On Monday 1st December, just before 5pm, Dion, Layton and Duceppe presented their agreement for a Liberal-NDP coalition government backed by the Bloc Quebecois.

1) Troops remain in Afghanistan.
2) The $50-billion corporate tax cuts stand.
3) No NDP member to have any influence over Finance.
4) Prime Minister Dion selects which 6 NDP MPs will enter cabinet.

It is hard to imagine a more craven sell-out.

The leaders of the three parties walked awkwardly into the room, signed the agreement and uncomfortably shook hands. Only Duceppe smiled, maybe because he doesn’t have to worry about being in a cabinet with the other two.

The NDP and the Liberals signed an accord that commits the parties to a coalition for 30 months. Reading the accord is like reading the Liberal campaign platform minus Dion’s carbon tax. There was not a single substantive concession on behalf of the Liberals to adopt any of the NDP’s campaign measures. All the NDP leadership got was the honour of six of their number being chosen to enjoy the perks of ministerial life – the limo, the $30,000+ pay hike and expense account, the title of “right-honourable…” etc. The NDP does not even get to choose which of its members will be in cabinet!

Throughout the election campaign Jack Layton assured workers and youth that there was a fundamental dividing line between the Liberals and the NDP. Layton attacked the Liberals for sending troops to Afghanistan and for supporting $50-billion in corporate tax cuts. These are the same Liberals who cut social services by a greater amount than any Conservative government. These are the same Liberals who voted down anti-scab legislation. And now Jack Layton is putting these people back into power.

One of the main reasons for low NDP support is the tactic of vote-splitting. Many people who would support NDP policies vote Liberal to keep the Conservatives out and because the NDP and Liberals “are pretty much the same anyway.” In the last election, to its credit, the NDP was able to partially lessen this tendency. However, with the coalition, all this is ripped up. A vote for the NDP now gets you a Liberal government. A vote for the NDP is a vote for people comfortable implementing Liberal policies. If this coalition goes through, why should anybody bother voting NDP ever again?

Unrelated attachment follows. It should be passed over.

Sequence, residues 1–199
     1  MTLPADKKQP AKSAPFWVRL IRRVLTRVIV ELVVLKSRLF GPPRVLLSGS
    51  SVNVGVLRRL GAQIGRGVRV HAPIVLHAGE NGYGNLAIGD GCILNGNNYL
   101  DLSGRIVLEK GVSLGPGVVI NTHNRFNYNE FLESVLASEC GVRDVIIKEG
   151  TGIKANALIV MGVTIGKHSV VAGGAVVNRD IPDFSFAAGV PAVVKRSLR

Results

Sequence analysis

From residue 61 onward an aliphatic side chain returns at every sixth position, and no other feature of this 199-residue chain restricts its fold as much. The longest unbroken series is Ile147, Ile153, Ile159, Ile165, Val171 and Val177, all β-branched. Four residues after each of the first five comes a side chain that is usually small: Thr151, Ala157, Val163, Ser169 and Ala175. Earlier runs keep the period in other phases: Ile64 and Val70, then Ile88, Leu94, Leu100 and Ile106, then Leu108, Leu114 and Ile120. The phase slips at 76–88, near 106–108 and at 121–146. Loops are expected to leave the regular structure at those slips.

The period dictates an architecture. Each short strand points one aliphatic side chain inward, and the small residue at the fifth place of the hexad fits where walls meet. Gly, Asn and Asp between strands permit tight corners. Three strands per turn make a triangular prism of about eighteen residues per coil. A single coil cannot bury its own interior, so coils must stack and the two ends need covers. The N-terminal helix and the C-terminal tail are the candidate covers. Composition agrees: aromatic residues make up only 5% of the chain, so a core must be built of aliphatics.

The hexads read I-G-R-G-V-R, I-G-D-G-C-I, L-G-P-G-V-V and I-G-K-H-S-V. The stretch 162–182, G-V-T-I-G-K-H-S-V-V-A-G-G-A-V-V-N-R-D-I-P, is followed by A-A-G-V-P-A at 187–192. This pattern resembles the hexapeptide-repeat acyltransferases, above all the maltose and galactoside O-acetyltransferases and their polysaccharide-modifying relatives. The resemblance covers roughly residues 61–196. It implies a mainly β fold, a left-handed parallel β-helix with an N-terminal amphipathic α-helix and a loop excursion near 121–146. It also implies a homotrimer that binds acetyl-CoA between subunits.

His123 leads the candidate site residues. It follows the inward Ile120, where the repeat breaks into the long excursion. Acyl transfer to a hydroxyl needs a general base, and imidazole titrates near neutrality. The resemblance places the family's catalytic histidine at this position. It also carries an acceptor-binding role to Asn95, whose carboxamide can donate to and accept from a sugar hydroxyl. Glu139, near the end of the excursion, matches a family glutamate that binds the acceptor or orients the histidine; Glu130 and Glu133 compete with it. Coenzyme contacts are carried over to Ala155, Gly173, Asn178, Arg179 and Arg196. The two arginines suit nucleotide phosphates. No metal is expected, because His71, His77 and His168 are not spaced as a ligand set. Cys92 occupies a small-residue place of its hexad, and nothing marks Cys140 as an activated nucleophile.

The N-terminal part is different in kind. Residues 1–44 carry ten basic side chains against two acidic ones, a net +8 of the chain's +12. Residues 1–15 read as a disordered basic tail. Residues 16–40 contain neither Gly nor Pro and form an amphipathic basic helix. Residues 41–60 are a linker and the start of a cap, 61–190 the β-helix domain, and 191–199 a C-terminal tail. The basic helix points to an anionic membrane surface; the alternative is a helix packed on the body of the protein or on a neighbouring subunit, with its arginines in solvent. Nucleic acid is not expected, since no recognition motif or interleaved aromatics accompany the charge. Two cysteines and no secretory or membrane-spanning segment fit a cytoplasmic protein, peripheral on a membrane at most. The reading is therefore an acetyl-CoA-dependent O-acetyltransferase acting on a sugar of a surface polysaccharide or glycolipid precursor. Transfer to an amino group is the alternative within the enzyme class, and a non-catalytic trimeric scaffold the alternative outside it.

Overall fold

The fact is that it was Liberal and Conservative policies of support for the capitalist free market that caused the economic crisis. The only way capitalist governments have ever dealt with crises is to put the burden on the backs of the working class. The coalition is supposedly planning $30-billion of “stimulus” to kick start the economy. But is any of this going to the workers themselves? If we look at the record of the Liberals, and the George Bush/New Labour model of other bailouts, the money is likely to be just big handouts to the auto and forestry corporations without any job guarantees. More likely the opposite, as there is a clause that corporations receiving subsidies must submit a restructuring plan – read, “Massive layoffs.” At current share prices, $30-billion is enough to completely buy out Ford, Chrysler and GM (the entire companies, not just the Canadian arm!) However, it looks like the bosses will receive corporate welfare from the public purse for their mismanagement of the economy, while the rest of us face unemployment. It appears that this will be a socialist coalition after all – but that socialism will be reserved for the millionaire bankers and corporatists.

The tragedy is that, instead of allowing the Liberals and Conservatives to rightly take the blame for the crisis of their system, the NDP leadership is throwing them a life-line in their hour of need. Class-collaboration is a dead-end. Never has there been a better time to propose a socialist alternative. To those who say that will never happen we would ask, “one week ago, did you ever even think for a minute that the Conservatives would be fighting for survival against a Liberal-NDP coalition?” If the events of the last 6 days prove anything, it is that, in the present epoch of capitalist crisis, things can change both massively and with astonishing quickness.

Now every move by the Liberals will be blamed on the NDP. Under cabinet solidarity the NDP MPs will be forced to defend every counter-reform. The opposition to every attack will be demobilized by a labour bureaucracy shouting, “don’t rock the boat – you’ll bring down the coalition!” If people think the NDP became unpopular after the Rae Days in Ontario, they ain’t seen nothing yet. But all is not lost.

Already there appears to be little enthusiasm for this coalition. Somehow, workers seem to know they are being sold something fishy. Imagine how this opposition will magnify under the impact of the financial crisis and coalition government attacks. Class struggle is on the agenda, not because of the desires of this or that politician but because of the logic of the capitalist system. Those who are not prepared to break with the system and fight for socialism can end up supporting the most reactionary policy. This class struggle must inevitably have its reflection in the unions and in the NDP. The pressure to break the coalition will grow. It is quite likely that some of the present NDP “leaders” will follow the logic of their actions and join the Liberals, just as Bob Rae and Ujjal Dosanjh before them. On the other side will be left millions of workers and youth, who are sick of the status quo.

We ask everybody who opposes both the Conservatives and the Liberals to join with us in mobilizing against this coalition.